Critical Education

I’m really digging into Dorothy Sayers’ Lost Tools of Learning lecture right now. I really want to have someone read it out loud to me, so I can pretend I am at the lecture where she first presented it in 1947!

(I had a guest preacher deliver the whole Sermon on the Mount from memory for a sermon one day and I’m pretty sure it was the best sermon experience ever… I want that for Lost Tools now!)

As I consider the purpose, the aim, of our homeschool journey, I come back to the idea that we must use the subjects presented as tools, as the proving ground for the ultimate education skill to acquire – critical thinking.

I also question whether I’m using the right terminology in my thoughts right now regarding the classical model… Grammar, Dialectic, and Rhetoric can be used for different layers of understanding.

For example, from a skills-based perspective I know that I am Rhetorical in some tasks and skills, but absolutely Grammatical in others. (For example, I know a lot more about raising rabbits than the average person… but practically nothing about engine mechanics.)

From an emotional/maturation perspective I know that I look at the world much differently now in my 40s than I did in my 20s. Was I even capable of a Rhetorical perspective in my 20s? I certainly thought that I was. But even as I look back at the blog posts on this website from years ago I realize that I have matured in my understanding and the things that occupied my thoughts. So am I Rhetorical now? Will I ever actually be?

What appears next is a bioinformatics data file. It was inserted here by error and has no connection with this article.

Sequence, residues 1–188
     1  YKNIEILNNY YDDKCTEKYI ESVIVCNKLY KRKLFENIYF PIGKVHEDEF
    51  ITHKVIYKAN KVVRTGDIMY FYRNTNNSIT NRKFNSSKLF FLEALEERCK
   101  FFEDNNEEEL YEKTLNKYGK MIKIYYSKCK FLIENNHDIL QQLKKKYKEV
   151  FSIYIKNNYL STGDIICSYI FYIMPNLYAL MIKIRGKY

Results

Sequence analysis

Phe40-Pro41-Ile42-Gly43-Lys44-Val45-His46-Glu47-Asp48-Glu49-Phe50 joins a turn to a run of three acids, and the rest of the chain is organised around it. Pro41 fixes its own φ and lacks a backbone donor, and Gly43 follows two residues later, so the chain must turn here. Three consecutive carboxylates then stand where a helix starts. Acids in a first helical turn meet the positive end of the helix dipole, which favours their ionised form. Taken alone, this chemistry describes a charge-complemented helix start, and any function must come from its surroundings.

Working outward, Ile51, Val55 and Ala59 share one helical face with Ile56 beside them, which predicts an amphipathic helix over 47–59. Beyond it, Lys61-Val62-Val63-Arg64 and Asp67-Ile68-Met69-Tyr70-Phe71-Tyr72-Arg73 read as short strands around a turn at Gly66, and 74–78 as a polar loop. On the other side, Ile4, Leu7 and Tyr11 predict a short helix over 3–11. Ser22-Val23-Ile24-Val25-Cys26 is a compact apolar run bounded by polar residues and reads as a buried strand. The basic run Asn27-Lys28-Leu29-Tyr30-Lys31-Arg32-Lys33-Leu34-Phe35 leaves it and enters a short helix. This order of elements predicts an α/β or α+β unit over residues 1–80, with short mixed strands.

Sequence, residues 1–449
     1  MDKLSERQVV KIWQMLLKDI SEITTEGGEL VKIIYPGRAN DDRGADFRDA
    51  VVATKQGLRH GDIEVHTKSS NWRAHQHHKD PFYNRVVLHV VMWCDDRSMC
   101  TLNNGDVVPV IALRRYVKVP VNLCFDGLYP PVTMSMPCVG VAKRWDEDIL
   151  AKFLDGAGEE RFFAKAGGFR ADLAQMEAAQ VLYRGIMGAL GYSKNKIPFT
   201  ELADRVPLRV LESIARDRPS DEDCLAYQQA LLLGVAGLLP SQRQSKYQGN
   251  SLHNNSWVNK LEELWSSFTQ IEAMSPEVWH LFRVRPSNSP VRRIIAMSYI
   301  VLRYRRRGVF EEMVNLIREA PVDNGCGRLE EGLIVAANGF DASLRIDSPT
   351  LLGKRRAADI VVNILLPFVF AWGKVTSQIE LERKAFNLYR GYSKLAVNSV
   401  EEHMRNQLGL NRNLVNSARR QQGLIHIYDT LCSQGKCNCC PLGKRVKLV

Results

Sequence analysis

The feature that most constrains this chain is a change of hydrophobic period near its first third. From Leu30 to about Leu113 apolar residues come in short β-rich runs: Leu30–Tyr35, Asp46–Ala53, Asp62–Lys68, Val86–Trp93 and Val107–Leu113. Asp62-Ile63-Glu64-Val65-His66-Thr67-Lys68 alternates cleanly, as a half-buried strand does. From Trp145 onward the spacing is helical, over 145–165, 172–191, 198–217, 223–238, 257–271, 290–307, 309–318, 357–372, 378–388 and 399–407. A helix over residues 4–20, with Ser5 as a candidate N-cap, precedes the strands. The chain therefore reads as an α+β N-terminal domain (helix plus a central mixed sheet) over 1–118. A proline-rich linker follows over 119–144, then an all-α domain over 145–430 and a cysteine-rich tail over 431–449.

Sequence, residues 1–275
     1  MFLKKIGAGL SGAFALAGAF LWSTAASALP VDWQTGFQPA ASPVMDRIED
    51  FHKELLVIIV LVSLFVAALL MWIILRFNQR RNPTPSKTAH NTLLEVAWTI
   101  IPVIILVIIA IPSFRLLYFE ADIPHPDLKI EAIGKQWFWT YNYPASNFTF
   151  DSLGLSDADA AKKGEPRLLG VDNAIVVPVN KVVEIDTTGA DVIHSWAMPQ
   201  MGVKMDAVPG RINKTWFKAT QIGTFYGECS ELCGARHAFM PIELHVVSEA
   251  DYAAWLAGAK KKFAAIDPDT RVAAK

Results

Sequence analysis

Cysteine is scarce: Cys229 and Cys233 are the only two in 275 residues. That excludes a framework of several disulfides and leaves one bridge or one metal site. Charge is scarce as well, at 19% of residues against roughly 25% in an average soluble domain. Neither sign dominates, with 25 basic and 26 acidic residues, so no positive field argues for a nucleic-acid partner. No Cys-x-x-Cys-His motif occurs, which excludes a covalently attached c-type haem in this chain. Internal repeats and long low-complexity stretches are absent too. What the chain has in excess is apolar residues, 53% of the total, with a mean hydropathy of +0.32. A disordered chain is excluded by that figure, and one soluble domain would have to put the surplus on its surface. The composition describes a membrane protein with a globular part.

Through the idea of continuous sanctification into this thought process and my mind has been spinning!

So, in sum, I currently believe there are at least two tracks of discussion regarding the education of a student with the classical model: both the functional task track and the developmental maturity track.

Here’s Dorothy Sayers’ argument for education in critical thought:

“For we let our young men and women go out unarmed, in a day when armour was ever so necessary. By teaching them all to read, we have left them at the mercy of the printed word. By the invention of the film and the radio, we have made certain that no aversion to reading shall secure them from the incessant battery of words, words, words.

They do not know what the words mean; they are prey to words in their emotions instead of being the masters of them in their intellects.

We, who were scandalized in 1940 when men were sent to fight armoured tanks with rifles, are not scandalized when young men and women are sent into the world fight massed propaganda with a smattering of “subjects”; and when whole classes and whole nations become hypnotized by the arts of the spellbinder, we have the impudence to be astonished.”

I can’t help but think that these words, although they were delivered 70 years ago, could have been written today. I’m trying to reconcile a desire for a classical, time tested and proven education, with an equally necessary need to help my students navigate technology and mass marketing.

It seems to me that Logic and Reasoning is an absolute MUST… both traditional and applied. I keep coming back to the idea that mathematics in a traditional sense (pre-algebra, algebra, geometry, etc.) is necessary, but there also needs to be some sort of applied mathematics like design/architecture, or robotics.

What are the texts or subjects you think could be used to help students develop the armor needed to function as strong critical thinkers in our current world.?

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